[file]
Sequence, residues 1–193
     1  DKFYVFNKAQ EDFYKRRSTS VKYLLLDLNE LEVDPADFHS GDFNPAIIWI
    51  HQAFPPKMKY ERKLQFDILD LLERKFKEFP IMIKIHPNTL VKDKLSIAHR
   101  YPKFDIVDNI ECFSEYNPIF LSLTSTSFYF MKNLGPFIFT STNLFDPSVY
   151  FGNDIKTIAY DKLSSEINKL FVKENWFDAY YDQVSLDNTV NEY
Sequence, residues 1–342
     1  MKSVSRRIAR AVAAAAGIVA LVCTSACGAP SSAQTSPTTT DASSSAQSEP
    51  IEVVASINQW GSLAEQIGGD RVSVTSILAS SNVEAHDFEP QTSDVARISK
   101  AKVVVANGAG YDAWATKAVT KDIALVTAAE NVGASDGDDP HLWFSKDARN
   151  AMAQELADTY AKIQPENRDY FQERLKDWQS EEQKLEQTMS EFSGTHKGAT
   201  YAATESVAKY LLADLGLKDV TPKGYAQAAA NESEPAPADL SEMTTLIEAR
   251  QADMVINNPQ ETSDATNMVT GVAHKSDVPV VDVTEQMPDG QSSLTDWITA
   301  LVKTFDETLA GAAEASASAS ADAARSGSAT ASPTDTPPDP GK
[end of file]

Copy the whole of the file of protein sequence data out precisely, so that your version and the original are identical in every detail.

Sequence, residues 1–193
     1  DKFYVFNKAQ EDFYKRRSTS VKYLLLDLNE LEVDPADFHS GDFNPAIIWI
    51  HQAFPPKMKY ERKLQFDILD LLERKFKEFP IMIKIHPNTL VKDKLSIAHR
   101  YPKFDIVDNI ECFSEYNPIF LSLTSTSFYF MKNLGPFIFT STNLFDPSVY
   151  FGNDIKTIAY DKLSSEINKL FVKENWFDAY YDQVSLDNTV NEY
Sequence, residues 1–342
     1  MKSVSRRIAR AVAAAAGIVA LVCTSACGAP SSAQTSPTTT DASSSAQSEP
    51  IEVVASINQW GSLAEQIGGD RVSVTSILAS SNVEAHDFEP QTSDVARISK
   101  AKVVVANGAG YDAWATKAVT KDIALVTAAE NVGASDGDDP HLWFSKDARN
   151  AMAQELADTY AKIQPENRDY FQERLKDWQS EEQKLEQTMS EFSGTHKGAT
   201  YAATESVAKY LLADLGLKDV TPKGYAQAAA NESEPAPADL SEMTTLIEAR
   251  QADMVINNPQ ETSDATNMVT GVAHKSDVPV VDVTEQMPDG QSSLTDWITA
   301  LVKTFDETLA GAAEASASAS ADAARSGSAT ASPTDTPPDP GK